輔導時段與申請辦法詳見活動網頁 http://www.awec.ntu.edu.tw/My_tutorial.html




為鼓勵校內研究生深入淺出地分享其學術研究成果,中心特取得3MT授權,在教務長鼎力支援下辦理「2015臺大三分鐘英語學術簡報競賽(Three-Minute Thesis Competition)」。複賽與決賽分於5月16日與5月23日假博雅教學館舉行,除了中心講師外,特別邀請王道一(經濟系教授)、林維紅(歷史系退休教授)、吳益群(生科院副院長,生科系教授)、郭鴻基(副教務長,大氣系教授)、雷庚玲(心理系教授)與謝尚賢(前國際事務處副處長,土木系教授)(依姓名筆畫排序)擔任評審委員。




I had a lot of fun participating in NTU 3MT-2015. I was happy to see NTU host its own 3MT competition. Being a non-native speaker of English myself, I was amazed to see the high level of competition and caliber displayed by the Taiwanese students. I hope there is a bigger turn out next year with more students coming forward to participate. I must also commend the people responsible for bringing this competition to fruition. Their tireless planning and hard work made the whole competition a memorable experience for me.

~ Rini Ravindranath (Department of Chemistry)



~ 劉耘非 (生醫電資所)


3MT is definitely a competition far beyond my expectation. It impressed me with Academic Writing Education Center's great efforts and enthusiasm. Every detail in the competition made me feel professional but profoundly warm and friendly. Though the competition was a long journey, it gave me a brand new academic experience about how remarkable fantasies can exist in a 180-second presentation with only one slide. Though I didn't make it to the top three, I never regret participating in this great competition and very proud of being one of the finalists. I strongly recommend 3MT to graduate students who are asking for challenges and excitements. You never know the limit of yourself.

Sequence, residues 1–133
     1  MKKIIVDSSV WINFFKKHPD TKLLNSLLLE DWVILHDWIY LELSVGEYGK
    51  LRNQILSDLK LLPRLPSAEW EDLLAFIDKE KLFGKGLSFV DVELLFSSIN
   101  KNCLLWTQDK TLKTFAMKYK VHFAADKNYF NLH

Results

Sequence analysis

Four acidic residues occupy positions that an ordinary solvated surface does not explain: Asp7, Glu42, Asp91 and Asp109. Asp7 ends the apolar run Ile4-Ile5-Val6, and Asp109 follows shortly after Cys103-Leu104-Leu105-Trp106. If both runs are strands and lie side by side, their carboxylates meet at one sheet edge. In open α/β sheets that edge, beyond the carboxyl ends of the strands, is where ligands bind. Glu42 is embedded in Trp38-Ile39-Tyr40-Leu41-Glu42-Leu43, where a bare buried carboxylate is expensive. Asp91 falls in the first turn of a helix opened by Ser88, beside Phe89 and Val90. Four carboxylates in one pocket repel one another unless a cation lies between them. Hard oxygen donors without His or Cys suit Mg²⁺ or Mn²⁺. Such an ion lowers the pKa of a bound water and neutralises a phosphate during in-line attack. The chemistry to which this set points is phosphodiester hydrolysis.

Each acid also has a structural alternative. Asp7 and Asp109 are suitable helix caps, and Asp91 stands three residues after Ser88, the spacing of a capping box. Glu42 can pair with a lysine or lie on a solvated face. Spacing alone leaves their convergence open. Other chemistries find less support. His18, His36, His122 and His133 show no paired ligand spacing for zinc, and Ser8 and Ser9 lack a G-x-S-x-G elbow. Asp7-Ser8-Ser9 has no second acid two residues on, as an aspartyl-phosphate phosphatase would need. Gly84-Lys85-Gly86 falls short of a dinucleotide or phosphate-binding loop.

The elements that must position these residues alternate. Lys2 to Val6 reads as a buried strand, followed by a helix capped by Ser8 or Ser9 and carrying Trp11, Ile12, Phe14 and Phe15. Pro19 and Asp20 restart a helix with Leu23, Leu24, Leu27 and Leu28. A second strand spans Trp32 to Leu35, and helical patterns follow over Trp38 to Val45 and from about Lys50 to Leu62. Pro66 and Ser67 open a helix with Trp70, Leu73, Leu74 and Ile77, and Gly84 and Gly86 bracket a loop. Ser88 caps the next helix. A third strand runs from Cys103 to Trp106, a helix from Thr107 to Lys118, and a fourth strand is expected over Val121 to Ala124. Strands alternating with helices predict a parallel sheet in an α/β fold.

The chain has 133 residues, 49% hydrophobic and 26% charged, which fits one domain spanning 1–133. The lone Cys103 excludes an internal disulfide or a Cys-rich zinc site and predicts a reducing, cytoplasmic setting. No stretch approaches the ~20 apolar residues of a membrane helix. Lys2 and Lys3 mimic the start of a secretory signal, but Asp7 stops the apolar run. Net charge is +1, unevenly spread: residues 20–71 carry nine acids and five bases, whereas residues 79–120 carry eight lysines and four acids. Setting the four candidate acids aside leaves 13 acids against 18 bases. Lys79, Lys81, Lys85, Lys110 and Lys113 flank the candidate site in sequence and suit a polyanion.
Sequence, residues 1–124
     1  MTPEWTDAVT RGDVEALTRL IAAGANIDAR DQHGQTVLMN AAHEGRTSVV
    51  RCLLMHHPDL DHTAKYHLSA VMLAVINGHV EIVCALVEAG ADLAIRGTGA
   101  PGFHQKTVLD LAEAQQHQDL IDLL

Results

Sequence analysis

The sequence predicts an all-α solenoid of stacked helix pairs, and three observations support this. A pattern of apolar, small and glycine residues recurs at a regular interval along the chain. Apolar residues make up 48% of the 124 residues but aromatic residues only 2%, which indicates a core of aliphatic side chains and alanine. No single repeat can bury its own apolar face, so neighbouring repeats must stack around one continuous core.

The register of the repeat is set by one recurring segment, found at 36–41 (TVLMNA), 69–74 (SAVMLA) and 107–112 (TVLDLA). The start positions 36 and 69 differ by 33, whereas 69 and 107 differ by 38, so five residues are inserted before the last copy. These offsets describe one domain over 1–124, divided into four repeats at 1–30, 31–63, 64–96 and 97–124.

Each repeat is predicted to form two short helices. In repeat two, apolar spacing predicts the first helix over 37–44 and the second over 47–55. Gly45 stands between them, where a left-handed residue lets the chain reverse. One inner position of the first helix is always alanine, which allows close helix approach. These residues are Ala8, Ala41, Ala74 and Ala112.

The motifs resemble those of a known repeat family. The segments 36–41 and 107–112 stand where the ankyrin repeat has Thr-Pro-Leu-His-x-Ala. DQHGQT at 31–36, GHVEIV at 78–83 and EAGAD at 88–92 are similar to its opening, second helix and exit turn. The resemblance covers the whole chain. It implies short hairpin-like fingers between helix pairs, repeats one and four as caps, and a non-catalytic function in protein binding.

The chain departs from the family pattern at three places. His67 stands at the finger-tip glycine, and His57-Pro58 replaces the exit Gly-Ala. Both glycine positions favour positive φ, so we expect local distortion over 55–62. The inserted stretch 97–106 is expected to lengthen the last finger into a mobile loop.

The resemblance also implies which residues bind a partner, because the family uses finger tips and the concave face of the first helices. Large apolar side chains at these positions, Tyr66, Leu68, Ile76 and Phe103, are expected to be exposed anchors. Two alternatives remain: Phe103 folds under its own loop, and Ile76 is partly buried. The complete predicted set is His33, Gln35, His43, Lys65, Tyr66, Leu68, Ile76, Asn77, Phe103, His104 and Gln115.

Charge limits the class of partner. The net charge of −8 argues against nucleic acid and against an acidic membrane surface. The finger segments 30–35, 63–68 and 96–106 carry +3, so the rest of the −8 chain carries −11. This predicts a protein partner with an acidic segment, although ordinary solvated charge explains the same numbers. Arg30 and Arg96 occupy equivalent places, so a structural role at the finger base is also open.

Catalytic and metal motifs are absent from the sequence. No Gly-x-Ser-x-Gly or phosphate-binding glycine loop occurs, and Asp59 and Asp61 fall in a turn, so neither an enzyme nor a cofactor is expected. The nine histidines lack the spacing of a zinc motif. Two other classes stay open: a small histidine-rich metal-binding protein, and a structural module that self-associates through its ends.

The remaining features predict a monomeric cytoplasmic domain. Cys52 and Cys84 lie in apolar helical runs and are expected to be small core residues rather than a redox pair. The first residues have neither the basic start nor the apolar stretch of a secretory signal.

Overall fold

~ I-An Su (Department of Psychology)
Photo credit: Hsin-Ning Wang


Thank you for hosting such great event, I am the second place winner Chia-Yuan Chang. I would like to share this achievement with those who have been helping me a lot. First, is my professor, Dr. Feng-Cheng Chang(張豐丞老師), who leads me in this great research and strongly recommends me to attend this competition. Moreover, the brilliant idea of combining spider-man and our research is also his credit. Secondly, the future great photographer, George Sagan who also is my instructor at word choice, grammar and winning strategy. Final thanks allow me to save it for myself. Because I think I've done a great job, no matter you like me or dislike me, I've done my best.